How Can I Avoid Drinking at Social Events?

While the summer season is a great time to see friends and family, these social occasions could create stressful environments that challenge your sobriety. Therefore, just the thought of attending social events is enough to create feelings of anxiety and panic. If you are worried about attending family occasions, you might feel the urge to separate yourself and turn toward isolation. While it is okay to pass on a social event that you might not be ready for, recovery is all about rebuilding your network and finding enjoyment with the people you keep in this network. If you start to defer to isolation, this could soon become a habit and negatively impact your overall recovery. Let’s explore ways you can prepare for social settings and enjoy time with the ones you love.

Call on a Trusted Friend

Sometimes calling on a friend for help is the best way to exercise accountability in a social setting where you know there will be substances. Having a person at the event to look out for you not only brings comfort but helps you overcome triggering situations. Start by making a plan with this friend before attending. A solid plan should include informing this person not to allow you to drink or use substances no matter what.

Your plan should also incorporate transportation options, frequent check-ins during the social event, and even an exit plan. When you have a friend who is looking out for you, you feel accountable to each other. Whether it is a family member, friend, or peer from a meeting or group, the person you choose is up to you, so long as you know that you can trust them. Having help will bring a better sense of confidence and comfort when you are around people that might trigger you to want to use.

Honesty Up Front

Sometimes in recovery, it can be challenging to express to others that you are now sober. Such apprehension could stem from fear of the questions that might come after you tell someone you are sober – especially if you have not seen this person in a while. Showing this much vulnerability to someone can make for a stressful interaction. Further, when someone offers you a drink, and you tell them you don’t drink, you might feel as though a spotlight has come upon you, and this too can feel very intimidating. Remember, you don’t need to divulge any details about your substance use or your past that you don’t deem relevant to the situation. Sometimes simply saying “I don’t drink.” is enough of a reason to stop people from offering.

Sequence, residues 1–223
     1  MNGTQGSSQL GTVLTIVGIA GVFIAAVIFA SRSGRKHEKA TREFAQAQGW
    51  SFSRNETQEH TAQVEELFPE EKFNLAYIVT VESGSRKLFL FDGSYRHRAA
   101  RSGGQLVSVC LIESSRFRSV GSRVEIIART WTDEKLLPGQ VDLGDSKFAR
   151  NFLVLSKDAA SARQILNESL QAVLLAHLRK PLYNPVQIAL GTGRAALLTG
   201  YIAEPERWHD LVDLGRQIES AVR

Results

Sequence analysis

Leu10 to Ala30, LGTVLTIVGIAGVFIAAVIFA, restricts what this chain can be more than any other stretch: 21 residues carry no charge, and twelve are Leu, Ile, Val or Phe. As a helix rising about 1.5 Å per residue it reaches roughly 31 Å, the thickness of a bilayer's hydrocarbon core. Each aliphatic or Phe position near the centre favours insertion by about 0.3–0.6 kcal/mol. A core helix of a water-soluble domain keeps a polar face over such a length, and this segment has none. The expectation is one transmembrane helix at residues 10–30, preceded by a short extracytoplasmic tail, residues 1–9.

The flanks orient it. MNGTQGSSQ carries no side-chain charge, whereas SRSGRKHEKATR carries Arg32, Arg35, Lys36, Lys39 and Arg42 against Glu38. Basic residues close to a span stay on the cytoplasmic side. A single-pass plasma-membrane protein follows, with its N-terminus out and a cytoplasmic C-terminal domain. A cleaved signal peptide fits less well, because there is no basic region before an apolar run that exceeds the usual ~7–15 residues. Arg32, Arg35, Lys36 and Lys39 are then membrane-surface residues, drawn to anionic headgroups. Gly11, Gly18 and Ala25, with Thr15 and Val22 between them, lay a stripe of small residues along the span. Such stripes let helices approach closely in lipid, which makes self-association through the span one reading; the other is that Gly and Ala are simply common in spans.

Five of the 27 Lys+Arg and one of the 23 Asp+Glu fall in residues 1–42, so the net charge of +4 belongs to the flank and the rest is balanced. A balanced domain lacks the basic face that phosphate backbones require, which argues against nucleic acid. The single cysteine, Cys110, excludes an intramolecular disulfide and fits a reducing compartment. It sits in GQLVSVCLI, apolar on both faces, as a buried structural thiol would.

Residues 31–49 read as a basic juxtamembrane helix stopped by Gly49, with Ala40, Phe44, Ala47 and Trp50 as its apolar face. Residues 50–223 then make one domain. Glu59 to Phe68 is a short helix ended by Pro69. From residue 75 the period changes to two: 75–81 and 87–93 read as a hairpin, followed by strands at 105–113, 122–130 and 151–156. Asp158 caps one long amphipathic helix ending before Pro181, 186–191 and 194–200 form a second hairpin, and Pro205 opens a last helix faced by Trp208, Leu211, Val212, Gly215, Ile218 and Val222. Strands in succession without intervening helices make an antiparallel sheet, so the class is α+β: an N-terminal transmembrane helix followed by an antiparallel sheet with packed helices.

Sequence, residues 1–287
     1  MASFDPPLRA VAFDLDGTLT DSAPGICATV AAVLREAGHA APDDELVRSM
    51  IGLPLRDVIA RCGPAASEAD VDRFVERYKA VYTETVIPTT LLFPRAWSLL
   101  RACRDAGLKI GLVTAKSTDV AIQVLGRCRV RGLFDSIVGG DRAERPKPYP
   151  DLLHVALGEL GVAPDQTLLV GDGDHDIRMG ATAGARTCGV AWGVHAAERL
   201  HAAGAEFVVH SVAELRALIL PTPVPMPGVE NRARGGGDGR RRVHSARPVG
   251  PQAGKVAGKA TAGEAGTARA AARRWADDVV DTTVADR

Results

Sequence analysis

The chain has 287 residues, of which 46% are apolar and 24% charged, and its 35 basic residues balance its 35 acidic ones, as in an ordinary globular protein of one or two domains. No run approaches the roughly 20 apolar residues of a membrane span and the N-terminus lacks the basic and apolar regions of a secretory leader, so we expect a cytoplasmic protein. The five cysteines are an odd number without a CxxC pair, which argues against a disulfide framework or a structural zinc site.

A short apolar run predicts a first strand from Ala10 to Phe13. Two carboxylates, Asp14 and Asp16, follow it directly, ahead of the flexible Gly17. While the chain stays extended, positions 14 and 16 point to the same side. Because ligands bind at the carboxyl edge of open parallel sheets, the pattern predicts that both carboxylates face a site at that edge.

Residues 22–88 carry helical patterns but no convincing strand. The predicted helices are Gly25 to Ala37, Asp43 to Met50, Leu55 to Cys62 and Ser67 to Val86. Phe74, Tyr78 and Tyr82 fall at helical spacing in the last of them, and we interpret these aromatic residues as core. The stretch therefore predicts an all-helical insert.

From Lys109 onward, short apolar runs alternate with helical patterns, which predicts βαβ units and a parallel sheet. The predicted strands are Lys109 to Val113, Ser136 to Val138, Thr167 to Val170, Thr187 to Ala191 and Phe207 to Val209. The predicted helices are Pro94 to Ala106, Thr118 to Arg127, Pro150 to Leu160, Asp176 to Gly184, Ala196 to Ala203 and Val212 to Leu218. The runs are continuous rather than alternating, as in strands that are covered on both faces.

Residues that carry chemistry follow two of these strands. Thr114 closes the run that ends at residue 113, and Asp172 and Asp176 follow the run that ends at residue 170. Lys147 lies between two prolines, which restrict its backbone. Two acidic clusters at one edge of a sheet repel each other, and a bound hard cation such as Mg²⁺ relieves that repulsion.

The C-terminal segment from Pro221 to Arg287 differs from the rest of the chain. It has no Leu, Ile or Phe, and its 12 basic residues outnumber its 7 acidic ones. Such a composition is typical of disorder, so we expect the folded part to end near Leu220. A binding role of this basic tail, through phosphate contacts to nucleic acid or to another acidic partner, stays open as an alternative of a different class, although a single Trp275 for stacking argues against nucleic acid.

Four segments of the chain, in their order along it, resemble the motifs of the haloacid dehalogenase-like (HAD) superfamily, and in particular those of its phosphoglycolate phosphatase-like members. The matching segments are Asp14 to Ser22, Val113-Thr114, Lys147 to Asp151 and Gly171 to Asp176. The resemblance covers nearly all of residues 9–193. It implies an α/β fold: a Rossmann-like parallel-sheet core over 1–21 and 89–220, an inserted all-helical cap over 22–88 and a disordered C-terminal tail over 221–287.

Remember, try not to overcomplicate things by looking for reasons. Sometimes looking for the right reason could send mixed signals and cause people to keep persisting. However, you don’t need an explanation. Any friend or family that is worth your trust and time should not care that you are drinking. If you encounter someone persistent despite your attempts to say no, remain friendly, politely decline and call on your friend to help you move away from this person.

Remove Yourself From the Situation

If you find it hard to turn down a drink, then this is an indication that you need to find your friend and leave the event. Understand that you are ultimately responsible for your sobriety. While this thought could provoke feelings of fear and doubt, it should also remind you that you have control over is the choices you make, and this thought is very empowering.

Sometimes stepping away from a triggering situation for even a few minutes during a party to do some breathing exercises is a great way to reorient yourself and bring your recovery back into focus. These few minutes could be the difference between saying no, or making a decision you will later regret. You might also decide that driving yourself is the best option. Driving yourself creates a sense of empowerment and accountability because you know that you can leave at any point and that you need to stay sober to get yourself home.

Mindfulness and Meditation

When you practice mindfulness and meditation, you will prepare yourself to understand the thoughts, situations, and emotions that trigger you. Practicing these techniques will help build confidence, resiliency and help you understand how you can respond in a challenging situation. For example, if you anticipate that a social occasion will trigger your urge to want a drink, then set goals for the party that stem from what you know about yourself concerning your past substance use. You can start by setting a goal to go for an hour; if after an hour you feel like you can stay, then stay another half hour. If not, then leave.

Remember, there is no better defense against using substances than when you put your recovery first. When you put your recovery first, you begin to eliminate a lot of doubt and speculation. Alternatively, you deserve to be among friends, family, and peers that support you and who you are today. If you find it difficult to attend social settings and are instead seeking isolation, it is time to seek professional help. At Choice House, we work with men of all backgrounds and experiences to ensure that we meet each individual’s needs because we believe that recovery is not one-size-fits-all. We also work with you to establish the tools needed to rebuild trust in yourself and others so that you can become a part of a network that helps you reach your best success. With the mountainous landscapes of Colorado all around, you will never be short of inspiration. So come and adventure into your life of sobriety today and call Choice House today at (720) 577-4422.

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